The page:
Why and how students should reduce their carbon footprints

Eva Hadjiyanis, copy editor

The Intergovernmental Panel on Climate Change released a report in October warning that without significant effort in the next twelve years it will be too late to stop the earth from warming 1.5 degrees Celsius. Since then, governments around the world have been struggling to find solutions to climate change. While citizens of all nations wait for the politicians to create new policies, lawmakers often choose to keep their carbon-emitting habits intact and do not realize how powerful a single person’s actions are. All people, even students who rely on their parents, need to take responsibility and personally adjust their daily habits to take ownership of their personal contribution to climate change.

Recent articles in the Guardian, the Outline, and Vox have supported the idea that individuals “going green” will not make a difference in the environment; companies and Congress hold all of the power over the state of the future climate. In fact, they argued that focusing on individual actions would distract people from trying to enact change on a higher level. What these articles are forgetting, however, is that when people create change in their own lives they are better able to see that there is a real emergency.

Throughout the years, no matter how many facts and figures are thrown at the public in an attempt to rally the American people to fight climate change, people have not taken the dire situation to heart. According to Slate (2018), “research on social behavior suggests lifestyle change can build momentum for systemic change.” The human species has always used social cues to recognize emergencies.

Because people follow and take cues from those around them, one person’s actions can create a domino effect. Obviously, simply integrating cutting back on meat intake, starting to compost, carpooling, or using energy efficient light bulbs into a student’s daily life will not revert the earth back to a healthy climate. But it may spread awareness that climate change is a real emergency, something that every person should care about, and not just a few scary numbers shown on the news when a new report is released. For example, according to Bryan Bollinger and Kenneth Gillingham (2018), people are more likely to buy solar panels for their roof in neighborhoods that have already made the shift. This is because people see that going solar is something that other people believe is an important personal step.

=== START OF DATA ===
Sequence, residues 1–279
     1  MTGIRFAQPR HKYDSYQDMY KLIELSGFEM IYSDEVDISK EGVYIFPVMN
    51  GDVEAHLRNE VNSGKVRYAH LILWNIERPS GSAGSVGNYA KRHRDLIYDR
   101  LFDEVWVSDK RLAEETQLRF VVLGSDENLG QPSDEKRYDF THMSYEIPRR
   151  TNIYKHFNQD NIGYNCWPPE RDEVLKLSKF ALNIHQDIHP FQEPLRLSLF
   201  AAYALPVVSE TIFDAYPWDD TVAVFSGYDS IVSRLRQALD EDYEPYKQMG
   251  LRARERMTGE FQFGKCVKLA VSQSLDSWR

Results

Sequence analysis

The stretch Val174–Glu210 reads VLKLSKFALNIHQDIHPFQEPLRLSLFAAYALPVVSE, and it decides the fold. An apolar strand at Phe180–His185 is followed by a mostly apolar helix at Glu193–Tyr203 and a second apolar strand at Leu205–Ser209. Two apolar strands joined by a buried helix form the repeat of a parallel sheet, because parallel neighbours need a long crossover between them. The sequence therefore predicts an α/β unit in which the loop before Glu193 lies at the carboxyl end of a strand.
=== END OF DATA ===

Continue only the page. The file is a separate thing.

As students, the world is going to be left to us someday. Unlike our parents, we are going to have to spend much of our lives in a world that will probably be devastated due to climate change. Where adults have let the world down in the past, it is up to the students now to pick up the slack and change the habits necessary to leave a better world for our kids.

A common belief among high school students is that since youth don’t have complete control over their lives, there is not much that they can do to limit their personal carbon footprint. The truth is, however, that there are many simple changes that have large effects on carbon footprints. Along with the well-known ideas of eating organic and driving less, eating less meat, particularly red meat, is the most effective action in combating climate change. According to the Huffington Post (2018), “to get a single pound of beef, it takes over 5,000 gallons of water – as the number one consumer of freshwater in the world, animal agriculture is drastically increasing the problem of water scarcity.” Even easier, unplugging devices that do not need to be charged will dramatically reduce the amount of energy you are using. Finally, simply turning off the lights after leaving a room and remembering to recycle go a long way in reducing carbon emissions.

Making these few simple changes are well within the grasp of any high school student, and will make a difference in raising awareness and addressing the crisis of climate change head on. Choosing to take action and create new habits will lead to communal change, and eventually systemic change.